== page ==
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RACCOONS SMOKED COOKED

post #1 of 13
Thread Starter 
yo dudes and dudettes,
im putting this here so others might look at raccoon thread.

this is really in answer to bekellog81 ground hog thread question to me.

using the tools at my friends lake house.

after exiting trash can--

22magnum to head as they walk along his porch top rail.

then skin, and rub spices into meat.

have weber 22 inch kettle heating coals.

use Offset coal cooking method.

after about 2 hrs wrap in foil.

then cook until finished. i call it at least 175 degrees internal.

[i never go anywhere without a thermometer]

meat will be shredded easily.

i use this myself






take skinned coon
post #2 of 13

Re: RACCOONS SMOKED COOKED

Larry thanks for the directions, I am surely going to have to try this one out. It sounds really great.
post #3 of 13

Re: RACCOONS SMOKED COOKED

Hey Larry, Thanks for the info. Now I know what to do with the 2 little bandits I've been graining out on Friskies Ocean Buffet for the last 2 months :shock: Any field dressing tips you have would be greatly appreciated.

Ham
post #4 of 13

Re: RACCOONS SMOKED COOKED

Well, Ham, assuming you have normal field dressing skills I will caution you on one little and oft overlooked item on the raccoon. Under each forward leg, or arm as some would say, there is a small kidney shaped musk gland. Remove carefully! Cut around it without touching it and you will be fine!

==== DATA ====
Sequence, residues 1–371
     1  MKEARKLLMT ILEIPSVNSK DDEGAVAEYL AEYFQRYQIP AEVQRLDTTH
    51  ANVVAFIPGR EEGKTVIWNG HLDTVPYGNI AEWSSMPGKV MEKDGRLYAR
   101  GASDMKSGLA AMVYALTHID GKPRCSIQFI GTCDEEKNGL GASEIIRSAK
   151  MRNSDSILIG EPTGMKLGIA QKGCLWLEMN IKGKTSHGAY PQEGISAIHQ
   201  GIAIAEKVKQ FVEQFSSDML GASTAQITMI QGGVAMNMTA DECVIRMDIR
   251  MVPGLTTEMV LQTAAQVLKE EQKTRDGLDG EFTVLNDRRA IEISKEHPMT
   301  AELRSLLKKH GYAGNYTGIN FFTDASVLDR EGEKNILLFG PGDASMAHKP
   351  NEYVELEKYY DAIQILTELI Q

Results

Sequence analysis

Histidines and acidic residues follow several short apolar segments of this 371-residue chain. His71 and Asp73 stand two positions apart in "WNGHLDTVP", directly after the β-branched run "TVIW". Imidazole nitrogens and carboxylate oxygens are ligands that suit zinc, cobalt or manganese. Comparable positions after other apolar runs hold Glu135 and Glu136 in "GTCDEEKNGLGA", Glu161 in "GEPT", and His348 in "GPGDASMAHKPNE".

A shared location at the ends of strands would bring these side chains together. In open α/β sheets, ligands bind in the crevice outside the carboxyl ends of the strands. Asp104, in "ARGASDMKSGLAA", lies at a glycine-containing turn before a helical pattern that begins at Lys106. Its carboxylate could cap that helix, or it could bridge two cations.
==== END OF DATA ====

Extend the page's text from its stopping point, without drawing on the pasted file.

If you whack a coon far from civilization you can expect to process and cook that animal as you would a deer or other wild animal. (Great trailside vittles!) If you whack a backyard coon treat it like pork, old time pork, for cooking. Raccoons are opportunistic foragers and although very meticulous about their habits in the wild, once allowed to do the trash route they become suspect carriers of all sorts of things we don't care to ingest. Just a caution.

I prefer to have plenty of garlic, peppers and onions on hand for my coons and they are great passed through a grinder and made into meatloaf or burgers! For smoking I would render a late in the year carcass for about an hour at about 170 with a generous drip pan underneath. Then slather with yellow mustard, hit with a rub and off you go!

Hope this helps!
Cheers!
Monty
post #5 of 13

Re: RACCOONS SMOKED COOKED

Hey Monty, thank you for the great advice. We're always up for a new eating adventure. Unfortunately, I think they figured out we were fatting em up for a reason and they quit coming back shortly after my post :lol:. But I have faith a new batch will be born this spring and we'll have our que yet.
post #6 of 13
Other than it tastes like chicken,

How does coon taste?

Is it any good?

Is it worth hunting one or is it because it gives you one more thing to smoke?
post #7 of 13

Re: RACCOONS SMOKED COOKED

Cheech, if coon tasted like chicken then I would just raise a few extra chickens! Raccoon tastes like raccoon and rabbit tastes like rabbit! Neither tastes like chicken. Depending on the season, recent diet of the animal, the hunter's skill in field dressing and the post kill handling of the carcass a coon can taste from mild to wild. I have never had a bad tasting coon although some have been stronger than others due to the many variables in a coon's life.

Coon hunting can be a great deal of fun, especially when done with a group of dedicated coon hunters. In some parts of the country it is a tradition and many families have generations of coon hunters all out in the field at the same time.